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Ventura County

Former Deputy D.A. Sues Over Job

The ex-prosecutor alleges he was demoted for backing the political rival of his new boss.

March 29, 2003|Tracy Wilson | Times Staff Writer

A former Ventura County prosecutor has filed a federal lawsuit against his previous bosses, alleging that he was unlawfully demoted for speaking his mind and backing a rival candidate for district attorney.

Adam Pearlman filed the suit this week in U.S. District Court in Los Angeles. It alleges a violation of civil rights as a result of wrongful termination in retaliation for exercising his rights of free speech.

Pearlman, who now works in the county's child-support unit, is seeking damages and reinstatement as a criminal prosecutor. Pearlman and a second deputy district attorney, Mark Pachowicz, were reassigned from the felony division to the county's child-support agency last April.

Both attorneys had backed former prosecutor Ron Bamieh in the March 2002 election for district attorney. Greg Totten, the handpicked successor of retiring Dist. Atty. Michael Bradbury, won by a wide margin.

In his lawsuit, Pearlman alleges that, after seven years prosecuting criminal cases, he was suddenly transferred to child support, now a separate county agency, as punishment for backing Bamieh.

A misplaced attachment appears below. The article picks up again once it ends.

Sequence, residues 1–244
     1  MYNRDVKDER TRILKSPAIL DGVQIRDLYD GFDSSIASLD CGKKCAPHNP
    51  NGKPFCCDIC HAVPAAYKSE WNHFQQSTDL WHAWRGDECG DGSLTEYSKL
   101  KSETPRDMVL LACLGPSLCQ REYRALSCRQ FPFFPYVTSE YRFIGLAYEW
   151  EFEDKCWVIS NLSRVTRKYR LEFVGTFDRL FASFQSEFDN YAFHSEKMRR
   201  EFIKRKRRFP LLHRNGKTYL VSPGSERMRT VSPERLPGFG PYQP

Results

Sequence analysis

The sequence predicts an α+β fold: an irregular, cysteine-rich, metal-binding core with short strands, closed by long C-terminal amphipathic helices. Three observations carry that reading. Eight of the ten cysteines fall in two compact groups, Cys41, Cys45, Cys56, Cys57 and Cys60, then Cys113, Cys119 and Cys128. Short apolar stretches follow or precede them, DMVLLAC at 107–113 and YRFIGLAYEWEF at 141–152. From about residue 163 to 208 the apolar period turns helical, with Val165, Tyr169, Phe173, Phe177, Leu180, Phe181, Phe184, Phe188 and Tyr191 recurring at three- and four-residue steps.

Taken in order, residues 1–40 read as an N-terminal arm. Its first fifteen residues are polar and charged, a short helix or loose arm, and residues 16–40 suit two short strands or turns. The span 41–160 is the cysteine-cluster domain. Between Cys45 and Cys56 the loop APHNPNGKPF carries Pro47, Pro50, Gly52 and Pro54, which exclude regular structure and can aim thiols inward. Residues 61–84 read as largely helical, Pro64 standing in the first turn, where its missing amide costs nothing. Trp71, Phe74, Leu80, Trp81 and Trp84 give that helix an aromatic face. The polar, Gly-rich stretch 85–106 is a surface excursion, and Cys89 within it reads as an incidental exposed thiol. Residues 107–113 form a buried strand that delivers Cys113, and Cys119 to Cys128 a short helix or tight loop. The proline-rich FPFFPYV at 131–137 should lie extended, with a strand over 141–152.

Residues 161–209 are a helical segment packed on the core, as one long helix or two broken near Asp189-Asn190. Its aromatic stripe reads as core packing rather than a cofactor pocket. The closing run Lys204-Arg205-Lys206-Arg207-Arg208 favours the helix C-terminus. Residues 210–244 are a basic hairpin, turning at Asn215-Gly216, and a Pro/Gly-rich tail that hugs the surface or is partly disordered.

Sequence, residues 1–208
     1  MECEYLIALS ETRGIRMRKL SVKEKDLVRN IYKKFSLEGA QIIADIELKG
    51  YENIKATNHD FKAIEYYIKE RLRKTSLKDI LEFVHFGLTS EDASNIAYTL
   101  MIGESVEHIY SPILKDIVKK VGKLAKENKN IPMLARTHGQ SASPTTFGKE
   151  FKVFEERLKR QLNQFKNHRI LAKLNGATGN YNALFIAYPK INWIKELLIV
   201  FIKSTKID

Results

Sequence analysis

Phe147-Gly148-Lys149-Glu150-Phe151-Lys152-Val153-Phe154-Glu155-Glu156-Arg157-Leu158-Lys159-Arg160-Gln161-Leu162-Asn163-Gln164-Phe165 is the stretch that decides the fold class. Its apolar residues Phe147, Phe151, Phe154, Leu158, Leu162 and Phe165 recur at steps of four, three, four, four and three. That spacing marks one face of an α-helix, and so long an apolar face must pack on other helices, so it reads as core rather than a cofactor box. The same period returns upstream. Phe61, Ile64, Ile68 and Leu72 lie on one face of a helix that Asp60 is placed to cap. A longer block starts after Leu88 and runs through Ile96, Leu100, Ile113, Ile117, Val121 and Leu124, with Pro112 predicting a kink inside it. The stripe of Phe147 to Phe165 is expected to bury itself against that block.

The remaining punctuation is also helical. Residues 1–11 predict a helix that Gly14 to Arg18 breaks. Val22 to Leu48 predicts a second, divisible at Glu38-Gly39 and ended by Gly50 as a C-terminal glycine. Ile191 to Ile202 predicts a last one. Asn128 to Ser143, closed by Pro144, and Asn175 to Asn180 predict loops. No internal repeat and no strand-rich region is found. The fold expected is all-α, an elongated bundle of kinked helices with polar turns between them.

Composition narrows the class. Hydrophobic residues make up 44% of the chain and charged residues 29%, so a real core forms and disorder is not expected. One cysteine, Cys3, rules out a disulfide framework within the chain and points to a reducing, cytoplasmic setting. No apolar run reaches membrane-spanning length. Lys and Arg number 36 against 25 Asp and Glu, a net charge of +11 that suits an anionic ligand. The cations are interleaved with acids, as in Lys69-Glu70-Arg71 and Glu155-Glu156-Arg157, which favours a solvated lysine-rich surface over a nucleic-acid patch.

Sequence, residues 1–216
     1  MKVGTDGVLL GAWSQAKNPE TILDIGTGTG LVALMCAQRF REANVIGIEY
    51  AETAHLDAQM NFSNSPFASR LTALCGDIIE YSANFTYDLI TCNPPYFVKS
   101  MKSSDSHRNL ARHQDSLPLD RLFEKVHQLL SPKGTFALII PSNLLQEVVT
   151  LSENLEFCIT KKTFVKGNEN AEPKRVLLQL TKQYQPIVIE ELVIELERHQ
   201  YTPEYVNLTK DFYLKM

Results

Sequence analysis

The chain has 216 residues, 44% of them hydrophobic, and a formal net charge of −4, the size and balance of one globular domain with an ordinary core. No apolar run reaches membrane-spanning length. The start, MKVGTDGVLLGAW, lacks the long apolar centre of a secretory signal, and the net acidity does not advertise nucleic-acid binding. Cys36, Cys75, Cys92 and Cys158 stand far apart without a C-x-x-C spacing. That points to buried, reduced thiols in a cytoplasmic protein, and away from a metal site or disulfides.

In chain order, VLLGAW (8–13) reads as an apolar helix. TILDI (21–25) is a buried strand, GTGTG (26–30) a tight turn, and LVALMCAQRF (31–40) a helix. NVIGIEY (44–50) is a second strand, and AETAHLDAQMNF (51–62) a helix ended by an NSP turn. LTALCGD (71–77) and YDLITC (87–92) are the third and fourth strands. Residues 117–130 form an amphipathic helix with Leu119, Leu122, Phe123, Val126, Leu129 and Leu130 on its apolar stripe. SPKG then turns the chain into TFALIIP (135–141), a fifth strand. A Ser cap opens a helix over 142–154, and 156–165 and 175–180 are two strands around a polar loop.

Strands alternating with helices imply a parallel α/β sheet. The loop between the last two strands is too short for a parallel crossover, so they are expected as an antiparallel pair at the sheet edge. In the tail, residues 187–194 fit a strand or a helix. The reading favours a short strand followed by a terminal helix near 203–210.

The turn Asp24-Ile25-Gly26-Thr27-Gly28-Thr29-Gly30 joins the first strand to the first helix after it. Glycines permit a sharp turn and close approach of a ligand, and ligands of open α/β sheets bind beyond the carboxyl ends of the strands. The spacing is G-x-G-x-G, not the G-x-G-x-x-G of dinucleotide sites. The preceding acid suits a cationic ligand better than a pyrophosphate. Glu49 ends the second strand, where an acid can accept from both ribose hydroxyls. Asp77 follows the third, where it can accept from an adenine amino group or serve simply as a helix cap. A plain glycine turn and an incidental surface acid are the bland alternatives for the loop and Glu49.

"In expressing support for a candidate in an election to public office, Pearlman engaged in the highest order of constitutional free speech on a matter of paramount public concern," the lawsuit states.

"This transfer was involuntary, and made without explanation," the lawsuit says. "Pearlman had never worked in child support, and did not request or desire transfer to that division. Rather, he desired to continue his career as a prosecutor in the criminal division."

In addition to suing the county, Pearlman is suing Bradbury and Totten individually. He is seeking back pay and reinstatement as a senior prosecutor, and is asking the court to prevent the district attorney's office from future violations.

Last year, Pearlman and Pachowicz appealed their transfers before the county's Civil Service Commission. But a state judge ruled that the commission did not have jurisdiction. A separate grievance filed with the county was denied.

Leroy Smith, litigation supervisor for the county counsel's office, said Friday that he was not aware of the lawsuit and declined to comment.

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